Heraclituss river fragments raise puzzles about identity and persistence: under what conditions does an object persist through time as one and the same object? If the world contains things which endure, and retain their identity in spite of undergoing alteration, then somehow those things must persist through changes. Heraclitus wonders whether one can step into the same river twice precisely because it continually undergoes changes. In particular, it changes compositionally. At any given time, it is made up of different component parts from the ones it was previously made up of. So, according to one interpretation, Heraclitus concludes that we do not have (numerically) the same river persisting from one moment to the next.
Plato is probably the source of this paradoxical interpretation of Herclitus. According to Plato, Heraclitus maintains that nothing retains its identity for any time at all:
Heraclitus, you know, says that everything moves on and that nothing is at rest; and, comparing existing things to the flow of a river, he says that you could not step into the same river twice (Cratylus 402A).
But what Heraclitus actually said was more likely to have been this:
On those who enter the same rivers, ever different waters flow. (fr. 12)
On Platos interpretation, its not the same river, since the waters are different. On a less paradoxical interpretation, it is the same river, in spite of the fact that the waters are different. On both interpretations of Heraclitus, he holds the Flux Doctrine: Everything is constantly altering; no object retains all of its component parts from one moment to the next. The issue is: what does Flux entail about identity and persistence? Platos interpretation requires that Heraclitus held what might be called the Mereological Theory of Identity (MTI), i.e., the view that the identity of an object depends on the identity of its component parts. This view can be formulated more precisely as follows:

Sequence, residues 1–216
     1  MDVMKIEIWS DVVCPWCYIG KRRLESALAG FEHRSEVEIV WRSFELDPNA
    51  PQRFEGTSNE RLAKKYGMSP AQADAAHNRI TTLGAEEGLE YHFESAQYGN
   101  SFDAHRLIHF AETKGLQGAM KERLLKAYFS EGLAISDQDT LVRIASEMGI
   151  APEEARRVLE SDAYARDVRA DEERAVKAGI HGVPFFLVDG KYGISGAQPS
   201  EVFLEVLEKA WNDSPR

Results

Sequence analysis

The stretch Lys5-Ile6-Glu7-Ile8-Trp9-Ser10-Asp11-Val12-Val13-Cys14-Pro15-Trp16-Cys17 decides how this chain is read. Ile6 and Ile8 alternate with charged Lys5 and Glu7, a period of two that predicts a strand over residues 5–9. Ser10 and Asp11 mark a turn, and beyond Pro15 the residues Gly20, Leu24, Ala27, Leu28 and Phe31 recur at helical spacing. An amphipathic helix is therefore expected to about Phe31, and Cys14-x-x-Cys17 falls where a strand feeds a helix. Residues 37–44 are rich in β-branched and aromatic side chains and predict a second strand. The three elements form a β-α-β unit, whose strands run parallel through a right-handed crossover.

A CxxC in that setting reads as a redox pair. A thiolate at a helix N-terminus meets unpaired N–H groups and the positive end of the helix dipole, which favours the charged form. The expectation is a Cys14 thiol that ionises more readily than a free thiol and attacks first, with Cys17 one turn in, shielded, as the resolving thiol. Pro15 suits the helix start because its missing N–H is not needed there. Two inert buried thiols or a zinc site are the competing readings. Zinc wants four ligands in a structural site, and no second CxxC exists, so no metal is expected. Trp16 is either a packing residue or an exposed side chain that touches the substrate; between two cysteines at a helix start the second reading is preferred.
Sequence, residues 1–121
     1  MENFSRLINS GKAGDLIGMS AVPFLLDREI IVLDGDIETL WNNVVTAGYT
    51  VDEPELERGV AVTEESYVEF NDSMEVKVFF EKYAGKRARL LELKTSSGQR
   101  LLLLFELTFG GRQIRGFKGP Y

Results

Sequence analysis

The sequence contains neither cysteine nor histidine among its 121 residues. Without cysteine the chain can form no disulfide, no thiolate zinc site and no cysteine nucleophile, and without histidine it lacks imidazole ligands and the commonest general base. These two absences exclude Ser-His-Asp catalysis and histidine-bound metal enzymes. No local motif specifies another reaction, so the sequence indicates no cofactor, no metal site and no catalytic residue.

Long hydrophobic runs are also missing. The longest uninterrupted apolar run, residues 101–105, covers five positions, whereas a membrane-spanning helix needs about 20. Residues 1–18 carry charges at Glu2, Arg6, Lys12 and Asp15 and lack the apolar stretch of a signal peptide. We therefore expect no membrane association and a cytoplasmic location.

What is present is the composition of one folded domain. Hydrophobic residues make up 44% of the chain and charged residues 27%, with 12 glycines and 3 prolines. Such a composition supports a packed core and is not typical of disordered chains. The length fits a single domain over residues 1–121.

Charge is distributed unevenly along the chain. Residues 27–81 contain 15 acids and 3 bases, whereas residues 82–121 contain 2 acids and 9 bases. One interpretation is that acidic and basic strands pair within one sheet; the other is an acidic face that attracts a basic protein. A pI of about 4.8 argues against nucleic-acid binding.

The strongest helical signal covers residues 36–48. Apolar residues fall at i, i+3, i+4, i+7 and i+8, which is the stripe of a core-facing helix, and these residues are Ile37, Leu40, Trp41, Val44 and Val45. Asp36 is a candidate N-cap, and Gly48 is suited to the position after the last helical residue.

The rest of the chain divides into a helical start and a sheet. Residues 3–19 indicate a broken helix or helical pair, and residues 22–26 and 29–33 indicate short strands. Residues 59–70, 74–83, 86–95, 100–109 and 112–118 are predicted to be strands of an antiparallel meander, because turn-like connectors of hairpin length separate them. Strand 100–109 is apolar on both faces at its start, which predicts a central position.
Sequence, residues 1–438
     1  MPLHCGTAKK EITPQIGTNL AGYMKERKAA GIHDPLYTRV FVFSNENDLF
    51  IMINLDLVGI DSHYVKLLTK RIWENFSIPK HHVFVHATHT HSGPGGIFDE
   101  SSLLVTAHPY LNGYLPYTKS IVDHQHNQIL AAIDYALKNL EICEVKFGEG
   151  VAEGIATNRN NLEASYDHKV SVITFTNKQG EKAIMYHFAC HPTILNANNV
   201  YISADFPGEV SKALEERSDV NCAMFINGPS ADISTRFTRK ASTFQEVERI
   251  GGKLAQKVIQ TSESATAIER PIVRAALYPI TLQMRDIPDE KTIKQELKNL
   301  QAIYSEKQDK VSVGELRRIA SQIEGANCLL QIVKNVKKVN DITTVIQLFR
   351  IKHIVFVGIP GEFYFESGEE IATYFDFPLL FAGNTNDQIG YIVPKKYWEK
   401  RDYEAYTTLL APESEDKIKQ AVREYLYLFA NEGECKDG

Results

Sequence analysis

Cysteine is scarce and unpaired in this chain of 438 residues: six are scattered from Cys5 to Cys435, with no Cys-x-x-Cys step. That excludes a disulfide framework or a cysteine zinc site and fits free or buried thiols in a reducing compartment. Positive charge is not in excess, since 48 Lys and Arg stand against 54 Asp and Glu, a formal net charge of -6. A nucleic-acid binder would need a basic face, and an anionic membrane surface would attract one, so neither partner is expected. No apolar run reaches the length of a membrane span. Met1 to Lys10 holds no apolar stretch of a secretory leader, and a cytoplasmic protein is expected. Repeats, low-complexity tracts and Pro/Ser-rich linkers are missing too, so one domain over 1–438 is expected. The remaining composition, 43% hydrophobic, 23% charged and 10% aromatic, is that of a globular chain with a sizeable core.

For any compound objects, x and y, x = y only if every part of x is a part of y, and every part of y is a part of x.
I.e., an object continues to exist (from time t1 to time t2) only if it is composed of all the same components at t2 as it was composed of at t1. Sameness of parts is a necessary condition of identity.
It now seems that if we want to allow that an object can persist through time in spite of a change in some of its components, we must deny MTI. An object x, existing at time t1, can be numerically identical to an object y, existing at time t2, even though x and y are not composed of exactly the same parts.
But once you deny MTI, where do you draw the line? Denying MTI leaves us vulnerable to puzzle cases, the mother of all of which is the following.
The ship wherein Theseus and the youth of Athens returned had thirty oars, and was preserved by the Athenians down even to the time of Demetrius Phalereus, for they took away the old planks as they decayed, putting in new and stronger timber in their place, insomuch that this ship became a standing example among the philosophers, for the logical question of things that grow; one side holding that the ship remained the same, and the other contending that it was not the same.